SEC finds pervasive problems at U.S. robos

By James Langton | November 12, 2021 | Last updated on November 12, 2021
2 min read
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A review of U.S. investment advisory firms’ robo-services found widespread deficiencies tied to areas such as those firms’ compliance programs as well as their oversight and disclosure practices.

In a new report detailing the results of compliance reviews at advisory firms that provide electronic advice, the U.S. Securities and Exchange Commission (SEC) found shortcomings within almost all of the firms reviewed.

“Nearly all of the examined advisers received a deficiency letter,” the SEC said.

The most common issues involved firms’ compliance policies, procedures and testing, plus their portfolio management, and their marketing/performance advertising (including misleading statements or inadequate disclosure).

Among other things, the regulator’s reviews found that many advisers “were not testing the investment advice generated by their platforms to clients’ stated or platform-determined investment objectives or otherwise satisfying their duty of care.”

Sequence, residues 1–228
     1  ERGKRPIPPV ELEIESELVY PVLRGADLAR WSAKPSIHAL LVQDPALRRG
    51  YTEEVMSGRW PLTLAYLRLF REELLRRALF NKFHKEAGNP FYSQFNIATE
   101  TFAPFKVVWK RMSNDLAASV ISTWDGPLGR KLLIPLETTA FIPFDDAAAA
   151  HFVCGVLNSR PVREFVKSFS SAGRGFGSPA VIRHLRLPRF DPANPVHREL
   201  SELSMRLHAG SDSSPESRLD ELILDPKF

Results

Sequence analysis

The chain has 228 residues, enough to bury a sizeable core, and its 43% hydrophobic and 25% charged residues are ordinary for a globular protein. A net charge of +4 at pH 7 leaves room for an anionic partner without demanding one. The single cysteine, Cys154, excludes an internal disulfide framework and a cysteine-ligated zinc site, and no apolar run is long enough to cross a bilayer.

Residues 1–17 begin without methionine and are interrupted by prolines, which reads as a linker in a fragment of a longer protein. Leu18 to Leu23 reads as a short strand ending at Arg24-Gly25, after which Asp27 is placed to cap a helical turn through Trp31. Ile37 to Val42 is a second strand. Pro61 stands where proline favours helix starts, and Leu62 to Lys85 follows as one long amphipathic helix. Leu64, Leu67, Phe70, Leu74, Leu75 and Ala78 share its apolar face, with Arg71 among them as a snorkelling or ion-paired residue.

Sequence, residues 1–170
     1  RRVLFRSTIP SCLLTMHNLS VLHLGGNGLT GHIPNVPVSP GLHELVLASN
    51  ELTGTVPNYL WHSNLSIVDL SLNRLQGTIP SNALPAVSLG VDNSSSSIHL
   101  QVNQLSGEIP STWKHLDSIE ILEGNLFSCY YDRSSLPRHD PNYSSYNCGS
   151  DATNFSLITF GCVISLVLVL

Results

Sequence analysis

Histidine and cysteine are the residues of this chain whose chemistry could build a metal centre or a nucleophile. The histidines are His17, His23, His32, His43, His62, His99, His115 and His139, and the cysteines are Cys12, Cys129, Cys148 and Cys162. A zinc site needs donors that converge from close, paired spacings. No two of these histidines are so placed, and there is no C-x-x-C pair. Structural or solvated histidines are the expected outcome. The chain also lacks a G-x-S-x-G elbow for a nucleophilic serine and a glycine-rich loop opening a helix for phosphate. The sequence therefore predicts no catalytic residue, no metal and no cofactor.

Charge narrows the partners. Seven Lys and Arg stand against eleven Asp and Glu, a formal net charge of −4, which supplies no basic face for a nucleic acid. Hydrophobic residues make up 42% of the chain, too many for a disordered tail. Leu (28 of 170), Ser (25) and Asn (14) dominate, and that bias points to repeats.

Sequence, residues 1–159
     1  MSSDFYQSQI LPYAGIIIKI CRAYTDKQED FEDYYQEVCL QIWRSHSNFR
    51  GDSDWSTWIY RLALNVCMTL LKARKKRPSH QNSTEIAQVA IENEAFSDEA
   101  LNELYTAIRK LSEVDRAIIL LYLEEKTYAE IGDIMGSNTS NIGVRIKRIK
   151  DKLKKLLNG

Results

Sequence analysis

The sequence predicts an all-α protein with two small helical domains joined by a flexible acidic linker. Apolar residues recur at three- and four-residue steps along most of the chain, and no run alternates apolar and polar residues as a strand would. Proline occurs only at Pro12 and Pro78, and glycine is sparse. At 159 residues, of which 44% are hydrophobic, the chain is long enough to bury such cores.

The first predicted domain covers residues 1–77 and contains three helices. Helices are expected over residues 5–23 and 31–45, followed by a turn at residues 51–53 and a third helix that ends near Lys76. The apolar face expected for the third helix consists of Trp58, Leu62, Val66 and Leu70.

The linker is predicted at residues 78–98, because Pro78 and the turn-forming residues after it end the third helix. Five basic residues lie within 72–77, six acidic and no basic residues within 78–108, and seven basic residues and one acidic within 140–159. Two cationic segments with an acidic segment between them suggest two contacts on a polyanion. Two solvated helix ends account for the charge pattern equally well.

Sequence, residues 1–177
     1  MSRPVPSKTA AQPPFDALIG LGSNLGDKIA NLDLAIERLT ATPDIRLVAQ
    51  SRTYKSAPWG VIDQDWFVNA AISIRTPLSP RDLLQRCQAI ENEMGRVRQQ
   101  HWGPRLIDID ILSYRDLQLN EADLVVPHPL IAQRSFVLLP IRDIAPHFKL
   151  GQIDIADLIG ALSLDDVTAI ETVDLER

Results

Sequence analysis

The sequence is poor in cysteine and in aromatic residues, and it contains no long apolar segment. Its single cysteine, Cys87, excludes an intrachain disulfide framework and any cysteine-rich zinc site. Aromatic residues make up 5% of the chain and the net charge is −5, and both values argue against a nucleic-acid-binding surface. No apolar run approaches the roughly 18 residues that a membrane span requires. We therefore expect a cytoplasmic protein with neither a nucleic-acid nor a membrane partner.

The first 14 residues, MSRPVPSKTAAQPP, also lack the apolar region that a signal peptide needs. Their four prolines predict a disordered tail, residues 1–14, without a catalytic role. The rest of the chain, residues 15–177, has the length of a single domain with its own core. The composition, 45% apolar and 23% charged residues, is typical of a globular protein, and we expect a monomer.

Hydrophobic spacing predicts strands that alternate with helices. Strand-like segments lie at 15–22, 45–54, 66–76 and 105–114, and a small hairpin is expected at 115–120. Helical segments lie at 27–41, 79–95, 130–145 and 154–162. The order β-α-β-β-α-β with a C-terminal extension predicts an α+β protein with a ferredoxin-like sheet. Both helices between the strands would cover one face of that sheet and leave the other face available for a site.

Firms also lacked policies and procedures to ensure that the advice being generated by their robo services were in their clients’ best interest. Additionally, firms that had adopted those policies weren’t necessarily following them.

“A review of practices revealed that, while advisers commonly used questionnaires to collect client data, some firms relied on just a few data points to formulate investment advice,” the SEC said, noting that this raised a concern that firms’ KYC practices weren’t robust enough to generate appropriate advice.

The review also found that more than half of the firms reviewed had advertising-related deficiencies, such as using “unsubstantiated claims” that could mislead clients about their investment options, performance expectations and the costs of investing.

It also found inadequate disclosure of conflicts of interest and misrepresentations about contingency fund protections, implying that accounts would be protected from market declines.

As a result of the reviews, some firms revised their disclosures and marketing materials, enhanced their compliance policies and procedures, and improved data protection practices, among other changes, the SEC said.

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James Langton

James is a senior reporter for and its sister publication, Investment Executive. He has been reporting on regulation, securities law, industry news and more since 1994.